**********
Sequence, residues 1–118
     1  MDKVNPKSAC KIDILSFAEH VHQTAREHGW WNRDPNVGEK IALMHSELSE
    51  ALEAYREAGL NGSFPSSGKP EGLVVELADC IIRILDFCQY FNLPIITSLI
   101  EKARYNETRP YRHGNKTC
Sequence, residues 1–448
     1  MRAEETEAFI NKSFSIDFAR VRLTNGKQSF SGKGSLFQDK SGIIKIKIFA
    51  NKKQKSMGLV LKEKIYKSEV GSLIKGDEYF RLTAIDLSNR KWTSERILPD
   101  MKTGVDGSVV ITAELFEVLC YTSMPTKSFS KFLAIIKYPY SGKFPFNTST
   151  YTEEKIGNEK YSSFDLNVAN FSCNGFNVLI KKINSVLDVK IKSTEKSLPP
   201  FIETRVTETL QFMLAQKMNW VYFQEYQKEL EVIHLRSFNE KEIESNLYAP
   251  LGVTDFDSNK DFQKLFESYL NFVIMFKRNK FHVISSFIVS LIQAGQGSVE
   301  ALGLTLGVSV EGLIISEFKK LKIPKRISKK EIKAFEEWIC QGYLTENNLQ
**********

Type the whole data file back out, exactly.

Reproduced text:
Sequence, residues 1–118
     1  MDKVNPKSAC KIDILSFAEH VHQTAREHGW WNRDPNVGEK IALMHSELSE
    51  ALEAYREAGL NGSFPSSGKP EGLVVELADC IIRILDFCQY FNLPIITSLI
   101  EKARYNETRP YRHGNKTC
Sequence, residues 1–448
     1  MRAEETEAFI NKSFSIDFAR VRLTNGKQSF SGKGSLFQDK SGIIKIKIFA
    51  NKKQKSMGLV LKEKIYKSEV GSLIKGDEYF RLTAIDLSNR KWTSERILPD
   101  MKTGVDGSVV ITAELFEVLC YTSMPTKSFS KFLAIIKYPY SGKFPFNTST
   151  YTEEKIGNEK YSSFDLNVAN FSCNGFNVLI KKINSVLDVK IKSTEKSLPP
   201  FIETRVTETL QFMLAQKMNW VYFQEYQKEL EVIHLRSFNE KEIESNLYAP
   251  LGVTDFDSNK DFQKLFESYL NFVIMFKRNK FHVISSFIVS LIQAGQGSVE
   301  ALGLTLGVSV EGLIISEFKK LKIPKRISKK EIKAFEEWIC QGYLTENNLQ